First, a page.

Further significant doubts have been cast on the accuracy of global surface temperature results following the discovery that electronic thermometers in Australia have read up to 0.7°C higher than traditional mercury glass units. The Australian dataset is a major component of global compilations since it provides an important guide to one of the largest land masses in the southern hemisphere. After many years of trying, local freedom of information requests from scientists have forced the Australian Bureau of Meteorology (BoM) to release comparative information from the two measuring devices around Brisbane airport. It shows that automatic readings are higher 41% of the time, compared with 32% when the temperatures were the same.
Electronic temperatures devices have been in general use in Australia since 1995. The guidance of the World Meteorological Organisation suggests averaging temperatures over a minute to remove corruptions caused by temporary effects such as a sudden gust of hot air. But the BoM records highs for just a second, something that basic mercury thermometers cannot do. For years, the BoM has refused to release comparative instrument data.
The Australian journalist Jo Nova takes a sceptical view as to why the BoM has been so stubborn. Potentially, the electronic sensors “offer a bonanza of propaganda headlines for the Green Blob to pick from, especially when ‘coldest ever days’ get ignored by the media”. The sensors are offering many more headlines of records for heat, heatwaves, hottest nights, more days over 35°C, she continued, adding, “there are many cherries to be picked here”.
The use of highly sensitive measuring equipment to produce temperature records and hence whip up climate emergency fears is common throughout the world. Last year In the U.K., the Met Office promoted a ‘record’ high of 40.3°C halfway down the runway at RAF Coningsby on the afternoon of July 19th. Admittedly, the record was declared to have stood for longer than a second – 60 seconds to be precise. To this day, the Met Office has refused to answer a number of Daily Sceptic enquiries about possible non-climatic causes of this widely promoted record. In the light of the Australian disclosures, we wonder if the Met Office should re-examine the way it declares heat records and compare the results of its measuring devices with those produced by basic mercury thermometers.
Dr. Jennifer Marohasy analysed the three years of Australian data that was eventually squeezed out of the BoM and found significant differences between the two measuring devises. In the most extreme cases, the modern probe was 0.7°C hotter than the mercury reading. She said it contradicted claims by the Bureau’s director Andrew Johnson that measurements from the two instruments are equivalent. Marohasy estimates the BoM holds data for a total of 38 different locations across Australia. The small Brisbane airport cache is thought to be the first public release of this data.
The former Liberal MP and noted climate sceptic Craig Kelly was merciless in his condemnation of the BoM actions. Noting the Bureau’s decision to reduce the size of protective Stevenson screens, which he said was known to artificially increase temperature recordings by up to 1°C, he concluded that Australia’s temperature records “have been cooked to artificially manufacture ‘hottest day ever’ headlines in the media”. Heads must roll, he demanded, but with the new Labor Government protecting this “malfeasance” at the BoM “they’ll get away with it”.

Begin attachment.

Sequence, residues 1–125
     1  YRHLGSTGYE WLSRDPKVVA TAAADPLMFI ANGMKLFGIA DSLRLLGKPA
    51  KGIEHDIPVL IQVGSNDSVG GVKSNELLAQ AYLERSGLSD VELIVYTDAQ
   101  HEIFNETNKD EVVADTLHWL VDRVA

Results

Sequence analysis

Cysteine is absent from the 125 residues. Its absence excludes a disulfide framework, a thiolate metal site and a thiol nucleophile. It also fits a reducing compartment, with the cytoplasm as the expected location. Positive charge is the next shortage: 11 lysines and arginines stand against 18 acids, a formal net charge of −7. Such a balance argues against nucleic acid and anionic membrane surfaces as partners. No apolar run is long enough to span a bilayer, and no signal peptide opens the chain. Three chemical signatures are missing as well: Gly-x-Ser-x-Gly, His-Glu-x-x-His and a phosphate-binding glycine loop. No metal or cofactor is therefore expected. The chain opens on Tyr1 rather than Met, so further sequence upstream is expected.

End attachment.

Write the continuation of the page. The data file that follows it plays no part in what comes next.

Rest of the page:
The Australian weighed in by suggesting that the Brisbane revelations raised some “difficult questions” about the BoM’s ability to claim new temperature records are being broken. “Given that new records are claimed on the basis of readings that are only a tiny fraction of a degree warmer, the problem is obvious,” it said in an editorial. The lengths to which the Bureau has gone not to cooperate with FOI requests, it continued, “gives the impression of an organisation with something to hide”. The newspaper said it was “truly astonishing” that the Bureau should suggest that understanding the effect of instrumentation was of no public interest. “This is particularly so given the Bureau was simultaneously publishing reports and giving media interviews claiming that a temperature increase of 1.5°C would have devastating consequences for the planet,” the editorial said.
The BoM information from 38 sites is of more than academic interest, noted the newspaper. This is because much of it eventually finds its way into what becomes the international global temperature record, on which climate change policy is based. The information is the property of the public, it states, and all the parallel records “should be made immediately available alongside all of the other data the Bureau prides itself on making public”.
These disturbing revelations about temperature gathering in Australia add to the numerous concerns that are mounting about the entire global surface temperature record. The Daily Sceptic has covered this story in great detail (see here, here and here). In this case, it seems that modern gauges have been used to establish new ‘records’, compared with the old mercury recordings. In addition, there may be a slight warming bias over the last 30 years, and if confirmed this will add to further corruption of global results. The BoM claimed its new electronic sensors were adjusted in light of mercury readings, but the Brisbane release suggests otherwise. It is particularly disturbing when public officials refuse to release scientific figures for no apparent good reason. The example of Climategate shows that when activists and scientists refuse to release basic data, it is time to start counting the spoons, if not undertaking an audit of the whole canteen.
Chris Morrison is the Daily Sceptic’s Environment Editor.